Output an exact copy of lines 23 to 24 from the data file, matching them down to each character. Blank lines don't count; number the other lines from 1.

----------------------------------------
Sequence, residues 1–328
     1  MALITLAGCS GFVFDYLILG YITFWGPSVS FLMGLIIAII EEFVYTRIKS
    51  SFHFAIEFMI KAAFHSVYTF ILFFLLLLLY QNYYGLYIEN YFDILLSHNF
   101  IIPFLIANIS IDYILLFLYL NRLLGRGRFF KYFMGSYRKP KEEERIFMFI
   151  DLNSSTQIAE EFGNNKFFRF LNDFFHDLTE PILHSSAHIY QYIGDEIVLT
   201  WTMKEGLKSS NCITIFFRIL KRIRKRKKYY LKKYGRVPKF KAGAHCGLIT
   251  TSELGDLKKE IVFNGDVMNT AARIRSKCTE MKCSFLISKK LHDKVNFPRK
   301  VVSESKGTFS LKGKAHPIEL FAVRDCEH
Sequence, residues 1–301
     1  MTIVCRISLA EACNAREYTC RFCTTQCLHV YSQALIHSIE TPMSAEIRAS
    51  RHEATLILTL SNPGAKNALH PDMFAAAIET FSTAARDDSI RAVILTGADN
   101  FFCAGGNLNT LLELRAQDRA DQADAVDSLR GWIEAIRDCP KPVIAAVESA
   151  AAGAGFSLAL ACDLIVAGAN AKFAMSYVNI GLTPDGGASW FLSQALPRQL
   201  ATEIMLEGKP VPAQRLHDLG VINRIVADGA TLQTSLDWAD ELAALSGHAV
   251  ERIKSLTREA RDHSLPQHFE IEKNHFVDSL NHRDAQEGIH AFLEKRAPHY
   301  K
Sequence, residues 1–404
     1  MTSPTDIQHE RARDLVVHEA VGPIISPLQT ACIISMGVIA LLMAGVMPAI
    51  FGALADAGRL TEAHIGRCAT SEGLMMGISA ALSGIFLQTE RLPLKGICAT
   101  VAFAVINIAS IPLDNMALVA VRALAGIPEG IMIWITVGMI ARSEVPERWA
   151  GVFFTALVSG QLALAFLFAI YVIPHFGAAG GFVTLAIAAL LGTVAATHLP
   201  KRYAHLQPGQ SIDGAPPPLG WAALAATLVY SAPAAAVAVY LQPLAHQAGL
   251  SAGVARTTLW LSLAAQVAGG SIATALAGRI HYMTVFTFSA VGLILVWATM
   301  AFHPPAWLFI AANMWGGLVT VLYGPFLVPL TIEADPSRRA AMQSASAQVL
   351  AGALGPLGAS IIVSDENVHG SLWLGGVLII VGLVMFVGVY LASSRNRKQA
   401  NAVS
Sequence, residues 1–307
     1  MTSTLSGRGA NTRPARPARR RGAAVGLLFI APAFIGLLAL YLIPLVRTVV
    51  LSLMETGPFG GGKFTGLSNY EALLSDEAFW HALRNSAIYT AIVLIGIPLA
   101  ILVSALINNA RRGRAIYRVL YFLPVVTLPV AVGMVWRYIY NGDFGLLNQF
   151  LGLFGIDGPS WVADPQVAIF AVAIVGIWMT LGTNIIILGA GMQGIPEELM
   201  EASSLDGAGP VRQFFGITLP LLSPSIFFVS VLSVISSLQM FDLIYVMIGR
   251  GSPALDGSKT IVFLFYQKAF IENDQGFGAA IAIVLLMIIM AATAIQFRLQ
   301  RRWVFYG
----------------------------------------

   251  SAGVARTTLW LSLAAQVAGG SIATALAGRI HYMTVFTFSA VGLILVWATM
   301  AFHPPAWLFI AANMWGGLVT VLYGPFLVPL TIEADPSRRA AMQSASAQVL